Lu Ferrell strives to live by the motto, “Be who you needed when you were younger.” Those words come to life in Ferrell’s work supporting diversity and inclusion at UNH.
“It’s incredibly important to be able to see yourself in people and see their ability to be successful,” Ferrell says.
This fall, Ferrell took on the role of interim director at the Office of Multicultural Student Affairs (OMSA). OMSA creates opportunities for people to participate in an inclusive community and build their understanding of diversity, social justice, inclusion and equity through a variety of educational offerings and support services. Ferrell’s position is one that’s essential to UNH’s mission of building a more inclusive campus. Ferrell, who is also coordinator of LGBTQA+ Initiatives, is committed to social justice education and working with underrepresented members of the campus.
That’s part of why Monica Chiu, interim associate vice president for community, equity and diversity, selected them to head OMSA during this academic year. “On any college campus, you have to work hard to get undergraduates to feel they belong,” Chiu explains. “OMSA is a place where a lot of students feel they belong. Lu is a familiar face, and in this role, you need to be dynamic and think outside the box. It requires awareness and a great deal of emotional intelligence — qualities Lu has.”
During their three-plus years at UNH, Ferrell has coordinated the UNH Safe Zones program as well as a dialogue series called #RealTalk and serves on the President’s Commission on the Status of LGBTQ+ People and two subcommittees within the commission: the Transgender Policy and Climate Committee and the Queer Professional Development Working Group.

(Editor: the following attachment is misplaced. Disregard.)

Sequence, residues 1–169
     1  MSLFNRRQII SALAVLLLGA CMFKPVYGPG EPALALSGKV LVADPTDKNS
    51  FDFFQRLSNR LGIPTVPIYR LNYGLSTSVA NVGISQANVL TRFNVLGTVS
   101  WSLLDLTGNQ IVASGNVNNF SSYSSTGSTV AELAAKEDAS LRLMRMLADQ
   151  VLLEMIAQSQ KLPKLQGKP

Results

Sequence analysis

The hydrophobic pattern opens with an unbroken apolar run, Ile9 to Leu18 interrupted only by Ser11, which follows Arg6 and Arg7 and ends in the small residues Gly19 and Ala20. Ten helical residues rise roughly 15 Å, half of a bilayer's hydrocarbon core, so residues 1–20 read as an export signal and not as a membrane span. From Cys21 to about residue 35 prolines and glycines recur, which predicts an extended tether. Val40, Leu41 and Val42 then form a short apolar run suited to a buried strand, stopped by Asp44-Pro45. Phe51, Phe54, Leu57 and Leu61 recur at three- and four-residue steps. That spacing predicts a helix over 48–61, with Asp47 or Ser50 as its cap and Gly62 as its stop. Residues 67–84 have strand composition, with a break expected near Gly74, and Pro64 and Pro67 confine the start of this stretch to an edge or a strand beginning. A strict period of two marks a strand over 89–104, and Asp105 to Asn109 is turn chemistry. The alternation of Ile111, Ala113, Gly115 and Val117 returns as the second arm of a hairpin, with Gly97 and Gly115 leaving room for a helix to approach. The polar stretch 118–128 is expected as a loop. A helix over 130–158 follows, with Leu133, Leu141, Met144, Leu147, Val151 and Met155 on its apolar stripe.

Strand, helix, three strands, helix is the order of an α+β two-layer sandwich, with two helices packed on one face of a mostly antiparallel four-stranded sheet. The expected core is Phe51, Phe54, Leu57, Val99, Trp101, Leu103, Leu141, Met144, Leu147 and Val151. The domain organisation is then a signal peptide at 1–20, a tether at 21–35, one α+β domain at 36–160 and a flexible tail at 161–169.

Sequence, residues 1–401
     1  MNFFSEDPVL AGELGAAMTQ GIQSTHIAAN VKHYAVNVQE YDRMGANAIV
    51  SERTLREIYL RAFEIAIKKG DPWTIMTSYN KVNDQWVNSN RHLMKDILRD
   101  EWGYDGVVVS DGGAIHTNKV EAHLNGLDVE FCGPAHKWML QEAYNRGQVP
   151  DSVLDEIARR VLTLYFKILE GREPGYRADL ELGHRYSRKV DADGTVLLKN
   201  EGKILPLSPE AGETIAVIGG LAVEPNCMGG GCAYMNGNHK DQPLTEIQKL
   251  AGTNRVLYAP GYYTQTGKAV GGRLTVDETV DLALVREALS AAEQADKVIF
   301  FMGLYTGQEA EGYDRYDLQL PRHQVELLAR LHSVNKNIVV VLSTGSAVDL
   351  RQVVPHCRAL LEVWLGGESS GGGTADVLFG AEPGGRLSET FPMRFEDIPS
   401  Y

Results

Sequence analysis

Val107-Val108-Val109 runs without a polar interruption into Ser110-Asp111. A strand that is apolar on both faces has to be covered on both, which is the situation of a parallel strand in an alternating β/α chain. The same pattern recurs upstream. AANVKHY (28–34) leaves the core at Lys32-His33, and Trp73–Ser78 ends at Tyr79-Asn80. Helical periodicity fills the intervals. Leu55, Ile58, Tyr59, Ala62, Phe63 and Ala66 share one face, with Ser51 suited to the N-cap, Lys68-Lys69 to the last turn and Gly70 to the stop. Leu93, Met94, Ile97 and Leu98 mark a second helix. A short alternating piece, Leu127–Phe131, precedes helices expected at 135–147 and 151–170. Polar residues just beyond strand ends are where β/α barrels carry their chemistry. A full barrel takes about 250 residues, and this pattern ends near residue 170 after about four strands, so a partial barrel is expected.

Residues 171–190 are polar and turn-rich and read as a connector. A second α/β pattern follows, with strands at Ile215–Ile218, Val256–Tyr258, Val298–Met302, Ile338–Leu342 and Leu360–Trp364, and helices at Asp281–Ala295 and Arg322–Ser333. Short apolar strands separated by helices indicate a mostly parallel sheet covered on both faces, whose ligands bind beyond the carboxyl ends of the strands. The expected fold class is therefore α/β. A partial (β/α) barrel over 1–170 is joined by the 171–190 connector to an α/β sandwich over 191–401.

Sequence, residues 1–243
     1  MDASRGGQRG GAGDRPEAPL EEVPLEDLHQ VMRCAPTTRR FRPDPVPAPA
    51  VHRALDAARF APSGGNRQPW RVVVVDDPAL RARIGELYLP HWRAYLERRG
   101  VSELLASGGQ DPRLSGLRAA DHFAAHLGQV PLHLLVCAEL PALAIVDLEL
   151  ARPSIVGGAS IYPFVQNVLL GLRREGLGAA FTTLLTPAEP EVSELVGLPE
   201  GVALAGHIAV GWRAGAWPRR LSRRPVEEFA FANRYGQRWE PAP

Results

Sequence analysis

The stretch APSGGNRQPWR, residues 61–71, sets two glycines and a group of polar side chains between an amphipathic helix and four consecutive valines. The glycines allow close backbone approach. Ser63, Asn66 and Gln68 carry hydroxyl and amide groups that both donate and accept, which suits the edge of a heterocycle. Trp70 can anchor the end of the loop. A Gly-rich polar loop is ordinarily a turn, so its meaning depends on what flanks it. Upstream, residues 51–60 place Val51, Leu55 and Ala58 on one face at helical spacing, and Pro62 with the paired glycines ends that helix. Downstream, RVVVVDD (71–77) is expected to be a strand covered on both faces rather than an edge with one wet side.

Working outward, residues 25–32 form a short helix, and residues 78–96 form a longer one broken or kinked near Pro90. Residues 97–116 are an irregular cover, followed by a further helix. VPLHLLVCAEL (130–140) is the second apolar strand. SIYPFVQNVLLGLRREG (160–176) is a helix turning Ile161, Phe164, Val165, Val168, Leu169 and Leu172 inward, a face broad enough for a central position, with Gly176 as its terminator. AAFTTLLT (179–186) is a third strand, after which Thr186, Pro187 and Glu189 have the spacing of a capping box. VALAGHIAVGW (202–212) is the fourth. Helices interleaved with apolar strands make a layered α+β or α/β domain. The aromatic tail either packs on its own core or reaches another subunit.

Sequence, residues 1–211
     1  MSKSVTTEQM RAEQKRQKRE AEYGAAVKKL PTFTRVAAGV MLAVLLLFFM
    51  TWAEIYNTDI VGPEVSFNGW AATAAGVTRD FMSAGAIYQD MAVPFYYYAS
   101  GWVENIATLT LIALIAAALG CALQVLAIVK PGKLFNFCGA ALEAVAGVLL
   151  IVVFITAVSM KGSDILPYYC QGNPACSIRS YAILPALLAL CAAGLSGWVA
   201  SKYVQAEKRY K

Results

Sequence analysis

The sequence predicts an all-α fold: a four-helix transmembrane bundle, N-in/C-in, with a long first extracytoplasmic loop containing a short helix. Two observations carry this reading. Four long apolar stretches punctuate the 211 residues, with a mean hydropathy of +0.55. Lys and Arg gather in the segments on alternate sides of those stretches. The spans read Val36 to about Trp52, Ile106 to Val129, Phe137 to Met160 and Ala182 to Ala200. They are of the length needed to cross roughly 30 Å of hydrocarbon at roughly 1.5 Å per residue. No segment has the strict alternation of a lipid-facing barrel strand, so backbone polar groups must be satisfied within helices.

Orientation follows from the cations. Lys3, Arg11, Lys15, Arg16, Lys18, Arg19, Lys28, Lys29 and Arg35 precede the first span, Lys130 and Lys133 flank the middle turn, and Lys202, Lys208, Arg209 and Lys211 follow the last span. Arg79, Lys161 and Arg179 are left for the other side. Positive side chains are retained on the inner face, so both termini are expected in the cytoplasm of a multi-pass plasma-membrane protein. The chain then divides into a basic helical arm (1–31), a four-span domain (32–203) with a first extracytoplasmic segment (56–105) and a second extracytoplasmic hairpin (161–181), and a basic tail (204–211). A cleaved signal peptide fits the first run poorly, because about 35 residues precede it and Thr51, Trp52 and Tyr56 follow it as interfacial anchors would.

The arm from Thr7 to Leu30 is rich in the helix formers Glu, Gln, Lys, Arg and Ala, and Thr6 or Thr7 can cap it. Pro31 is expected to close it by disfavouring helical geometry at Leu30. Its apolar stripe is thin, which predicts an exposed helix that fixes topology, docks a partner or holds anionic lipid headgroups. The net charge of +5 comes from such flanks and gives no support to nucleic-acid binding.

“My hope is students will not feel this transition,” Ferrell says of their work as the interim director at OMSA.
Meeting together in the Office of Community, Equity and Diversity in Thompson Hall, Chiu and Ferrell discuss what sets OMSA apart — not the least of which is UNH’s foresight in creating the office some 25 years ago. “We are exceptional, being here this long,” Ferrell says. “Our office is built off of conversation and connection, and our goal is to support students and make our campus more welcoming. I want us to see students as whole beings and their whole selves.”
“Watching students flourish, seeing them grow, that to me is especially gratifying,” Chiu says.
On campus, Ferrell and Chiu are witnessing an ever-increasing number of requests to provide social justice education opportunities. And both point to the importance of reinforcing inclusion and equity across the curriculum and campus. As Chiu puts it, “If you don’t have the equity, you don’t have the community." When diversity is understood and equity is a priority, students know they belong.
In keeping with that inspired quote —“Be who you needed when you were younger” — Ferrell wants to help make sure students know they belong at UNH. “My inner passion is to work alongside students in order to support their ability to thrive,” Ferrell says. “They teach me so much more than I teach them.”